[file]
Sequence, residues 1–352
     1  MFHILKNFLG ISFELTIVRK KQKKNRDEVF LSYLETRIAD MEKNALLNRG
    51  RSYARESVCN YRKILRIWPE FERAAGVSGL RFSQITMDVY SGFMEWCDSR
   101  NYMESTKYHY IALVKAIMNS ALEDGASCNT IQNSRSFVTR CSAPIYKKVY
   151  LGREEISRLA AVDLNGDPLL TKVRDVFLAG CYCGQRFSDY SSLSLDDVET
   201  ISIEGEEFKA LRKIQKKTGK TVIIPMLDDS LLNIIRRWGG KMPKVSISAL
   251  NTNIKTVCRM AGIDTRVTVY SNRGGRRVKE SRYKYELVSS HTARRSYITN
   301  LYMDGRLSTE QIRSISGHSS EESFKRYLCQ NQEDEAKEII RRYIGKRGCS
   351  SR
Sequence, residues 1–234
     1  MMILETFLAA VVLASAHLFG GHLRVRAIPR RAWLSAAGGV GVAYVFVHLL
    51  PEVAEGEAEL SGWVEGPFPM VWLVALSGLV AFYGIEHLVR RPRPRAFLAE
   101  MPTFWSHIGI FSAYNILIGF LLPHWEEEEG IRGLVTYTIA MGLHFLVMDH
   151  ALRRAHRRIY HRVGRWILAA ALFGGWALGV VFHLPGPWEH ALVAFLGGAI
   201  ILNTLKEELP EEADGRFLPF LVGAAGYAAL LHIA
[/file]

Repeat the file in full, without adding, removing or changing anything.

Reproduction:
Sequence, residues 1–352
     1  MFHILKNFLG ISFELTIVRK KQKKNRDEVF LSYLETRIAD MEKNALLNRG
    51  RSYARESVCN YRKILRIWPE FERAAGVSGL RFSQITMDVY SGFMEWCDSR
   101  NYMESTKYHY IALVKAIMNS ALEDGASCNT IQNSRSFVTR CSAPIYKKVY
   151  LGREEISRLA AVDLNGDPLL TKVRDVFLAG CYCGQRFSDY SSLSLDDVET
   201  ISIEGEEFKA LRKIQKKTGK TVIIPMLDDS LLNIIRRWGG KMPKVSISAL
   251  NTNIKTVCRM AGIDTRVTVY SNRGGRRVKE SRYKYELVSS HTARRSYITN
   301  LYMDGRLSTE QIRSISGHSS EESFKRYLCQ NQEDEAKEII RRYIGKRGCS
   351  SR
Sequence, residues 1–234
     1  MMILETFLAA VVLASAHLFG GHLRVRAIPR RAWLSAAGGV GVAYVFVHLL
    51  PEVAEGEAEL SGWVEGPFPM VWLVALSGLV AFYGIEHLVR RPRPRAFLAE
   101  MPTFWSHIGI FSAYNILIGF LLPHWEEEEG IRGLVTYTIA MGLHFLVMDH
   151  ALRRAHRRIY HRVGRWILAA ALFGGWALGV VFHLPGPWEH ALVAFLGGAI
   201  ILNTLKEELP EEADGRFLPF LVGAAGYAAL LHIA